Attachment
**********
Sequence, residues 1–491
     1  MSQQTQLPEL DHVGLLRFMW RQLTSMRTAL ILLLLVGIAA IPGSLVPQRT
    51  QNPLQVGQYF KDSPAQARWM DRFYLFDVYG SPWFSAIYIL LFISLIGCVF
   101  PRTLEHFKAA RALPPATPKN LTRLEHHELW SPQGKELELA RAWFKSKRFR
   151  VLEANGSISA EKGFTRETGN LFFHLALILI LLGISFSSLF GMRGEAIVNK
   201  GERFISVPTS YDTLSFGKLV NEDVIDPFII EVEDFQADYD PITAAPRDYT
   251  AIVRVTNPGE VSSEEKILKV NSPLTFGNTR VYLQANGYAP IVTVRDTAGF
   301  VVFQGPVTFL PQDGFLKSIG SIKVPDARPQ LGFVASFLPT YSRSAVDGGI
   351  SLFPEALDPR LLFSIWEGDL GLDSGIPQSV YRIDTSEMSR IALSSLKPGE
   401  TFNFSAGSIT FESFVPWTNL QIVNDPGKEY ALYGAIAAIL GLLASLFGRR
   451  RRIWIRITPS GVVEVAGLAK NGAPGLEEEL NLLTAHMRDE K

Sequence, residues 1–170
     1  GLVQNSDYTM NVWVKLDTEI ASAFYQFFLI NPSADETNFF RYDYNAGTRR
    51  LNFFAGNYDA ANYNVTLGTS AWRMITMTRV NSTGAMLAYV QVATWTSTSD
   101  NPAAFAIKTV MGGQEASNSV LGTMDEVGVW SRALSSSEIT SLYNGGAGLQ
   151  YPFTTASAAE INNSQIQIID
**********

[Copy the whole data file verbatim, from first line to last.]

Sequence, residues 1–491
     1  MSQQTQLPEL DHVGLLRFMW RQLTSMRTAL ILLLLVGIAA IPGSLVPQRT
    51  QNPLQVGQYF KDSPAQARWM DRFYLFDVYG SPWFSAIYIL LFISLIGCVF
   101  PRTLEHFKAA RALPPATPKN LTRLEHHELW SPQGKELELA RAWFKSKRFR
   151  VLEANGSISA EKGFTRETGN LFFHLALILI LLGISFSSLF GMRGEAIVNK
   201  GERFISVPTS YDTLSFGKLV NEDVIDPFII EVEDFQADYD PITAAPRDYT
   251  AIVRVTNPGE VSSEEKILKV NSPLTFGNTR VYLQANGYAP IVTVRDTAGF
   301  VVFQGPVTFL PQDGFLKSIG SIKVPDARPQ LGFVASFLPT YSRSAVDGGI
   351  SLFPEALDPR LLFSIWEGDL GLDSGIPQSV YRIDTSEMSR IALSSLKPGE
   401  TFNFSAGSIT FESFVPWTNL QIVNDPGKEY ALYGAIAAIL GLLASLFGRR
   451  RRIWIRITPS GVVEVAGLAK NGAPGLEEEL NLLTAHMRDE K

Sequence, residues 1–170
     1  GLVQNSDYTM NVWVKLDTEI ASAFYQFFLI NPSADETNFF RYDYNAGTRR
    51  LNFFAGNYDA ANYNVTLGTS AWRMITMTRV NSTGAMLAYV QVATWTSTSD
   101  NPAAFAIKTV MGGQEASNSV LGTMDEVGVW SRALSSSEIT SLYNGGAGLQ
   151  YPFTTASAAE INNSQIQIID